Not ethics is an illusion, as Darwinists say.
In this series, Professor Sarah Coakley explores the implications of recent developments in the mathematical study of “evolutionary dynamics” for ethics, metaphysics, the philosophy of science and theology. Arguing that the last decades of the twentieth century saw a notable failure of nerve in universal accounts of religious rationality, and a simultaneous obsession with the “selfishness” of evolutionary phenomena, Coakley seeks to clarify afresh the importance of the countervailing sacrificial dimensions of evolutionary processes for central issues in the philosophy of science and ethics. Thereby she moves to suggest a transformed way forward in the task of “natural theology”.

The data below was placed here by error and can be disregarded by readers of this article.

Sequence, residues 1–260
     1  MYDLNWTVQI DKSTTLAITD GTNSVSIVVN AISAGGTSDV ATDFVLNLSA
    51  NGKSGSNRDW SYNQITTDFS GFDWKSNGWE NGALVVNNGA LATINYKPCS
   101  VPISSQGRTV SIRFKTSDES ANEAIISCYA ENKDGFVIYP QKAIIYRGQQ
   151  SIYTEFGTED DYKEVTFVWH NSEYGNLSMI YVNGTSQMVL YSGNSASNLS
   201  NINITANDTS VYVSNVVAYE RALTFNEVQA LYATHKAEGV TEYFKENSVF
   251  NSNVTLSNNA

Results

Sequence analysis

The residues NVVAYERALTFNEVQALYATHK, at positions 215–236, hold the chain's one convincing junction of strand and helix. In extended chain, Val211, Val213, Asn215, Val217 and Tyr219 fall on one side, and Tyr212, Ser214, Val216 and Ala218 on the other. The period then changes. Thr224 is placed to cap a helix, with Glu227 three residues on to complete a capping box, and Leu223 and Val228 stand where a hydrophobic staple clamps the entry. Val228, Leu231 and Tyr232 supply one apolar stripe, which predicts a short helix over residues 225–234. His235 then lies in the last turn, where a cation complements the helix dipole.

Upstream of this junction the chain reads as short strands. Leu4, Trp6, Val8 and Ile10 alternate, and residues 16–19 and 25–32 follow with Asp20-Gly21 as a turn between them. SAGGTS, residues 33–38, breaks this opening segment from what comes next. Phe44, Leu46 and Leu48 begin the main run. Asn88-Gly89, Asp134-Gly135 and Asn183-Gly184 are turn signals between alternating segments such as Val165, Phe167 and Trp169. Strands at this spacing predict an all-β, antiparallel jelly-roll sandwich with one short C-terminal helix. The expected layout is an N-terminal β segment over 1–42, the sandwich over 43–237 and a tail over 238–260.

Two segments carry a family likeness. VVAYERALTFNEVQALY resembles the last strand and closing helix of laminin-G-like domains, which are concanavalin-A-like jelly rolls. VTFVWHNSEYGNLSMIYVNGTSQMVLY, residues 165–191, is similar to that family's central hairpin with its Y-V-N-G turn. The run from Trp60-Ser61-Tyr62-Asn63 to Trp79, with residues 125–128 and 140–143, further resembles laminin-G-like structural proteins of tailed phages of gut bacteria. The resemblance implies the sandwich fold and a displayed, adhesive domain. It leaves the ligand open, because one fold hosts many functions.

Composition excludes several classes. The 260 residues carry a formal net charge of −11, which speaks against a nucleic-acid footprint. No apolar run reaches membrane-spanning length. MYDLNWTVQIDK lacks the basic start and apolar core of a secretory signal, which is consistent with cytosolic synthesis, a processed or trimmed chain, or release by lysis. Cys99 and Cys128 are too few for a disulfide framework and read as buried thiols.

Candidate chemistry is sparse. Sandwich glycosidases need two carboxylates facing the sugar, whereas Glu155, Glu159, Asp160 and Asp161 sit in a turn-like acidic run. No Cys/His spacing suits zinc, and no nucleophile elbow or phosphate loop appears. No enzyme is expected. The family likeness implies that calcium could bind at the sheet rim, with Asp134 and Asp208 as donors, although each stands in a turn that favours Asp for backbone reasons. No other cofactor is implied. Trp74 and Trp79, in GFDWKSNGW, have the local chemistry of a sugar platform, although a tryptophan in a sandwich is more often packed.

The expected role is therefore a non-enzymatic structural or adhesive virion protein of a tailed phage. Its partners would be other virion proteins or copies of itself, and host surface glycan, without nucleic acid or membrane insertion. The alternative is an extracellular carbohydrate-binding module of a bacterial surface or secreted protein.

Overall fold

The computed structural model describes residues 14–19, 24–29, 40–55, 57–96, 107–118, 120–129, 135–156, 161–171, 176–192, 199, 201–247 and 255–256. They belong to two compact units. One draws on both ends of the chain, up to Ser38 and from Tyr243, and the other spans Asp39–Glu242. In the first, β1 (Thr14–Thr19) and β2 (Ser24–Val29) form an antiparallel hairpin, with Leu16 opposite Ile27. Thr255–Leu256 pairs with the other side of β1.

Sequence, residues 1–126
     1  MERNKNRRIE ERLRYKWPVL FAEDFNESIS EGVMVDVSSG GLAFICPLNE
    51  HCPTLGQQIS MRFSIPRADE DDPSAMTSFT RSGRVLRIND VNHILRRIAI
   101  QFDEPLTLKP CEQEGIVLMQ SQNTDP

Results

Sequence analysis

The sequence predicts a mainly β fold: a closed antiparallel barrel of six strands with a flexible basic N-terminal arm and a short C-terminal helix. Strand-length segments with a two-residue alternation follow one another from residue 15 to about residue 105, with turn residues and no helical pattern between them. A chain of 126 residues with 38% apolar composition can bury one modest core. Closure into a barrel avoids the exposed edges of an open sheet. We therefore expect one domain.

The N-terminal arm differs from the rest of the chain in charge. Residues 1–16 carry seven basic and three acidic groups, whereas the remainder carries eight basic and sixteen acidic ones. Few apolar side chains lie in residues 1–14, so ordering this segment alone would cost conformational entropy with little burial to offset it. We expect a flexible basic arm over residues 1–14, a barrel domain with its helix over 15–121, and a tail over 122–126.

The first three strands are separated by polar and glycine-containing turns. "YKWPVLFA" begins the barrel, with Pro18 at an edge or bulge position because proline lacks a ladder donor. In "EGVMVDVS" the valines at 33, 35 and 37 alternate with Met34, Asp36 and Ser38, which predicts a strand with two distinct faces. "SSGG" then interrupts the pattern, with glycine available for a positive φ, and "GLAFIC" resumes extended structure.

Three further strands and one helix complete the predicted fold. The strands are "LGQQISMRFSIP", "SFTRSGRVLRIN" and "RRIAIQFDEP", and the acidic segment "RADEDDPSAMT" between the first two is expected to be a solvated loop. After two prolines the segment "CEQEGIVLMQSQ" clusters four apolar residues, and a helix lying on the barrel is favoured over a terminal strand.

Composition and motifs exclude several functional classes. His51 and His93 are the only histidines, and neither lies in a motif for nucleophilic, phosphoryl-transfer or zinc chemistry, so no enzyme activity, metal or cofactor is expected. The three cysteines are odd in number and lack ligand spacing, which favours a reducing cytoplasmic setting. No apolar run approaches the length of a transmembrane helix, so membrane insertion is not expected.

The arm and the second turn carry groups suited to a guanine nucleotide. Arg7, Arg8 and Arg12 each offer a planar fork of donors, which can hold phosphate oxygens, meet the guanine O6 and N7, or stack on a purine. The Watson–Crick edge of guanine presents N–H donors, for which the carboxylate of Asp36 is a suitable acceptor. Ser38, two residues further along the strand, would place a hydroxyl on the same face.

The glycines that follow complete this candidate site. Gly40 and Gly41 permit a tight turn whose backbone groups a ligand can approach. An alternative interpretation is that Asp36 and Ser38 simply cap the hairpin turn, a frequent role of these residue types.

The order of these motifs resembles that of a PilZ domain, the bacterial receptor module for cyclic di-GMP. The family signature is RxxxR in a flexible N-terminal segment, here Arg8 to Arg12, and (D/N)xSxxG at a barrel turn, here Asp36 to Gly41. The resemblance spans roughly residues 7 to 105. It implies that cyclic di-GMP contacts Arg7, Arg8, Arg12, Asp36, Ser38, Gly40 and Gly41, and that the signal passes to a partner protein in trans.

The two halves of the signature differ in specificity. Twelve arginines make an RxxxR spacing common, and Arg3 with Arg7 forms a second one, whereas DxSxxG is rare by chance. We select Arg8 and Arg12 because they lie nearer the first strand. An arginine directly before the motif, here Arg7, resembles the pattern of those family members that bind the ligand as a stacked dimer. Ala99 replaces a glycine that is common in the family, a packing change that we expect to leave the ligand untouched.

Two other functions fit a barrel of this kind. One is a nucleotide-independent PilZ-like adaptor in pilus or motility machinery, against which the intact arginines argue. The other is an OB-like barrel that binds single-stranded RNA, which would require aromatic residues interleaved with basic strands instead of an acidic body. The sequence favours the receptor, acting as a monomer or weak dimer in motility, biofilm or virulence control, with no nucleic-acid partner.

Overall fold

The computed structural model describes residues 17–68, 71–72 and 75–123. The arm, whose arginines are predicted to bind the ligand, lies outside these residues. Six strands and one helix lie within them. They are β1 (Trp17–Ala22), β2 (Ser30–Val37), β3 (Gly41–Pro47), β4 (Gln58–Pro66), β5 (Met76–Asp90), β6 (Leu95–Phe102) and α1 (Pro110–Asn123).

Presumably because, as more people, like Ben Carson, become aware that Darwinists indeed really believe that ethics is an illusion, a public relations blitz is needed to convince us all that Darwinian evolution has encoded ethics in our genes ….
For whatever reason, the public does not tend to believe that.